Building an Authentic Community of Practice


final blog post #10 :( Addressing Poor Housing Conditions in Marginalized Communities: Protecting Our Children

Jose Jacobo

In many rent-stabilized and public housing units, poor living conditions pose significant risks to the health and safety of residents, particularly children. Common issues such as mold, pests, lead paint, and drug presence create an unsafe environment that can have long-lasting consequences for children’s well-being.
In my building, these conditions are especially concerning for the children who reside here. Mold infestations can exacerbate respiratory issues and allergies, posing a particular risk to young, developing lungs. The presence of pests like rats not only creates physical hazards but also contributes to mental stress and anxiety for children who may fear for their safety. Lead paint exposure, a known neurotoxin, can lead to developmental delays and learning disabilities, impacting children’s academic success and prospects.

Moreover, the unsafe environment due to drug presence and discarded needles near the building puts children at risk of accidental exposure to harmful substances. Additionally, unreliable water supply with frequent lack of hot water makes basic hygiene and bathing routines challenging for families with young children, increasing the risk of illness and discomfort. The safety and well-being of children should be a top priority in any housing community. However, in many marginalized communities like ours, children are disproportionately affected by these poor housing conditions.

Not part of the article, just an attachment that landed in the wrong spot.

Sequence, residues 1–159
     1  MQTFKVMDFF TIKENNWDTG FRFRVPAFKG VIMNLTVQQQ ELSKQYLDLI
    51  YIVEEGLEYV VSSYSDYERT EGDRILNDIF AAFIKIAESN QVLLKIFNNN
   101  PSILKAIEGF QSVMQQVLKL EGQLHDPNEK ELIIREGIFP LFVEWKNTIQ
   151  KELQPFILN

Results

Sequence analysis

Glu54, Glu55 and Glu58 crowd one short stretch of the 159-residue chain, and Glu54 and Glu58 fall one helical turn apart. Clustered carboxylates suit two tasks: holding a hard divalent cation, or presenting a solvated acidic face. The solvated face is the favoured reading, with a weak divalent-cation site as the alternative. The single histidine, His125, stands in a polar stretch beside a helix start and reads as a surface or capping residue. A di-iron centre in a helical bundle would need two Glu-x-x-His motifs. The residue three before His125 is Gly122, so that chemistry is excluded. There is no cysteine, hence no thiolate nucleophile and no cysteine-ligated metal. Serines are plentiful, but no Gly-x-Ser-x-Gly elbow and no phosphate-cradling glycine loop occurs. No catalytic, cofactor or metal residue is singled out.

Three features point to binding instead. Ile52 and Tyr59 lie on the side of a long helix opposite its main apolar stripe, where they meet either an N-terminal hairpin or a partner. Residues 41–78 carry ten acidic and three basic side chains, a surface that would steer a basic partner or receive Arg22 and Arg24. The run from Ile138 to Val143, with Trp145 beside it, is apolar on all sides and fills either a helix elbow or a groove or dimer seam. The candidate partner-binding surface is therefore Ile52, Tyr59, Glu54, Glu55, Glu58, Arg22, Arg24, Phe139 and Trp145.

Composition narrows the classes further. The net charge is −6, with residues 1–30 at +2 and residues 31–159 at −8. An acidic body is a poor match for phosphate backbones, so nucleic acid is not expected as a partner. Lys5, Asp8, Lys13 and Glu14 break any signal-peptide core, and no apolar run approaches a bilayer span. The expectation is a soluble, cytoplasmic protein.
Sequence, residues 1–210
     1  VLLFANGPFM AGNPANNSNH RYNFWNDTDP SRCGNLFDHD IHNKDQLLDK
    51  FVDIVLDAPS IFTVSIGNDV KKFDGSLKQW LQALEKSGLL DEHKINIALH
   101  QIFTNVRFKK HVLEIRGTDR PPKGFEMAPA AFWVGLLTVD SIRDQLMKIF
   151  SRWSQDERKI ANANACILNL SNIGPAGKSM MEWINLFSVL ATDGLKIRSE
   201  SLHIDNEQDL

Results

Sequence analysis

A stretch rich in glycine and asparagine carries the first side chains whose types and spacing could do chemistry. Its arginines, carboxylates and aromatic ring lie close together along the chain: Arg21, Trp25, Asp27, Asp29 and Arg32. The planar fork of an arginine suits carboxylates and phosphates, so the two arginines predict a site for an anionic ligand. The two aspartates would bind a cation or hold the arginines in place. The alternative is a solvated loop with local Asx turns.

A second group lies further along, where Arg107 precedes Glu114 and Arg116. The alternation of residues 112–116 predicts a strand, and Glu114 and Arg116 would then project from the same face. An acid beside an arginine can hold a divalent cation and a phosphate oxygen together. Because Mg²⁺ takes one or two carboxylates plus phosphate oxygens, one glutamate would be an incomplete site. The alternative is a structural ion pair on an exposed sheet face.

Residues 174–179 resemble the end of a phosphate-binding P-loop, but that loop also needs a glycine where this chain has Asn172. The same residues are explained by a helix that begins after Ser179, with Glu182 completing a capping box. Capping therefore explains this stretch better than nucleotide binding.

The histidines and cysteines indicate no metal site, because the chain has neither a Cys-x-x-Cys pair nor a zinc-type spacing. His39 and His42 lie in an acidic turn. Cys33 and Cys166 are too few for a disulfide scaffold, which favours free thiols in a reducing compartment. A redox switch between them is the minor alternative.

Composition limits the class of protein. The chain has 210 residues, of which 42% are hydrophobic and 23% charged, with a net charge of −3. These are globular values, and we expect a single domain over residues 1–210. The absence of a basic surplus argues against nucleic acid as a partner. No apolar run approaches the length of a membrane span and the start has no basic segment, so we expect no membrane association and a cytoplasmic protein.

Residents, community organizations, and legal advocates need to come together to address these issues and ensure that children have a safe and healthy environment to grow and thrive. Efforts to improve housing conditions, such as legal action, community organizing, and public advocacy, must prioritize the needs of children. By advocating for better housing standards and resources, we can create a safer and more supportive environment for the next generation, ensuring that all children have the opportunity to reach their full potential, regardless of their socioeconomic status or living circumstances

here is the Cite I use:

Rights, juvenile. (2024). About Us. The Legal Aid Society.

Leave a Reply